“Provided that the Board may, in accordance with a resolution in this behalf adopted at a meeting of the Board and with the previous approval of the State Government, require (a Valuer-Surveyor Grade I or Valuer-Surveyor of Grade II) to make, subject to such conditions as may be prescribed, the general valuation of lands and buildings in the area as aforesaid or in any part thereof under the superintendence, direction and control of the Board on payment of such remuneration as the Board may determine, and every such valuation shall be deemed to have been made by the Board.”

13. The effect of the said amendments is inter alia to take away the right of an assessee of a pre-decisional hearing. The provisions of the Amendment Act only provide for a review of the valuation made by the Board as pre-decisional hearing is not required to be given. A review contemplated under the 1978 Act is for all intent and purport in the nature of an appeal. The proviso appended to Section 9 of the 1978 Act is an enabling provision in terms whereof general valuation of lands and buildings in the area as aforesaid or in any part thereof made by a Valuer-Surveyor Grade I or Valuer-Surveyor of Grade II, however, shall be under the superintendence, direction and control of the Board. Admittedly, no such exercise had been undertaken.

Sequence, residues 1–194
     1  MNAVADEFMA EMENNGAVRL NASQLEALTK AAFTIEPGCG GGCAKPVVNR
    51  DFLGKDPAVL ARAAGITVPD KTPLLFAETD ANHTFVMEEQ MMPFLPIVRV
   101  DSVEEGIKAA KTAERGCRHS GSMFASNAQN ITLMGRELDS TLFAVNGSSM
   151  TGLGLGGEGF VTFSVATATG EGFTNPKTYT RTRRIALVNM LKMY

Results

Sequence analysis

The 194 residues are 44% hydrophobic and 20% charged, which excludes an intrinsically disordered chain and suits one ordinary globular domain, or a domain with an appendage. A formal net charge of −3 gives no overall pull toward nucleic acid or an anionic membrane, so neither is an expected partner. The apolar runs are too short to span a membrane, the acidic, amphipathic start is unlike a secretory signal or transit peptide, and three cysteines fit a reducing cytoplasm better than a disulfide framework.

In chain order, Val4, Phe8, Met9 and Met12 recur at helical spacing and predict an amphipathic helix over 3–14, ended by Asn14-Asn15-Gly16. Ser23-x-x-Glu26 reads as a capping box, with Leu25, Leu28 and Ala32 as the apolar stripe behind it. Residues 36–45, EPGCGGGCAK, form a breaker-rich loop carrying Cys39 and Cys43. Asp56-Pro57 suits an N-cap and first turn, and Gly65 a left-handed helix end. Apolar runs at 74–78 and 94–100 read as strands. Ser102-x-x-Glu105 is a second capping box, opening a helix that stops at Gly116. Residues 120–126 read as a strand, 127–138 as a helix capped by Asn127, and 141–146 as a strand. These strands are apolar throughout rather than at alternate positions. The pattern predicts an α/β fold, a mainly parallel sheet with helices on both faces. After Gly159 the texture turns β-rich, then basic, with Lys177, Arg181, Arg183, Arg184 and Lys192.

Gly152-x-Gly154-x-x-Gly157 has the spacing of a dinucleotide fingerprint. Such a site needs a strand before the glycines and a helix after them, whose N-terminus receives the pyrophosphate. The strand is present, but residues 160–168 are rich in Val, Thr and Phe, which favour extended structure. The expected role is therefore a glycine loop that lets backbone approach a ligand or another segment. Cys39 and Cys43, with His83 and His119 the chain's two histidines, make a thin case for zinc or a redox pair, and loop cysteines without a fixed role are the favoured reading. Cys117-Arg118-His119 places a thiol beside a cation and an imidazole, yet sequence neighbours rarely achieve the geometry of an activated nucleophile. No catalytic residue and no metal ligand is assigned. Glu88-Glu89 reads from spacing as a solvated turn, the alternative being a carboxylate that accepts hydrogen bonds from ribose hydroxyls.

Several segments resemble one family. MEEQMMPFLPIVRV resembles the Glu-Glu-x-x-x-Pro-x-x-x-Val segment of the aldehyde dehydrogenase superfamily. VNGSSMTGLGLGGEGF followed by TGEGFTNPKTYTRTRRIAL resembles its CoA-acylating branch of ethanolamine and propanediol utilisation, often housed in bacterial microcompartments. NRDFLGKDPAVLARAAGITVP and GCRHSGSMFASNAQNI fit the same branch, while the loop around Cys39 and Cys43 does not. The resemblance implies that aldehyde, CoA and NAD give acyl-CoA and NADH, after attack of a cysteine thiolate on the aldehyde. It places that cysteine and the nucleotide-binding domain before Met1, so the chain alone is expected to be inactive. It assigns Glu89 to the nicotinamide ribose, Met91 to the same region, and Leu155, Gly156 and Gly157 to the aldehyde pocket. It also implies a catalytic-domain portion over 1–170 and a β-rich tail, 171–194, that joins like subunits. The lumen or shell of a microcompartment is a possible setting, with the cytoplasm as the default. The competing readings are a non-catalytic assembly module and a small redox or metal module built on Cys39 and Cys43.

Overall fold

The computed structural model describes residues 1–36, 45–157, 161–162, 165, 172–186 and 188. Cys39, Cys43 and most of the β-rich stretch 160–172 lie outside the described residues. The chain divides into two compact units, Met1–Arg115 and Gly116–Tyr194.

14. Valuation of lands and buildings is a complex exercise. It requires certain amount of expertise. Valuation is made upon obtaining data prepared from a scientific study. Valuation of a land or building would depend upon several factors. Several methods of valuation may be applied for determination thereof. It is for the expert ordinarily to arrive at a decision as to which mode of valuation having regard to a particular set of factors would entail a correct evaluation. However, in determining the valuation of a land or building, it is not expected of a statutory authority to take recourse to the course of action which may be arbitrary, unscientific or haphazard in nature. Although the proviso appended to Section 9 of the 1978 Act, provided for certain safeguards and as thereby a legal fiction has been created, the same, as noticed hereinbefore, is optional. The Board is not bound to take recourse thereto. Who would be the surveyors eligible for carrying out the survey requires prior approval of the State. The learned Single Judge in his judgment noticed that in stead and place of appointing experts in the field, only casual employees were recruited by the Municipality, who made door to door survey of the properties situated within the area of Bidhannagar Municipality and collected the purported datas of the concerned premises in a field book wherefrom an inspection book was prepared and only on the basis thereof valuation was determined by the Board. Such a course of action was not contemplated by law.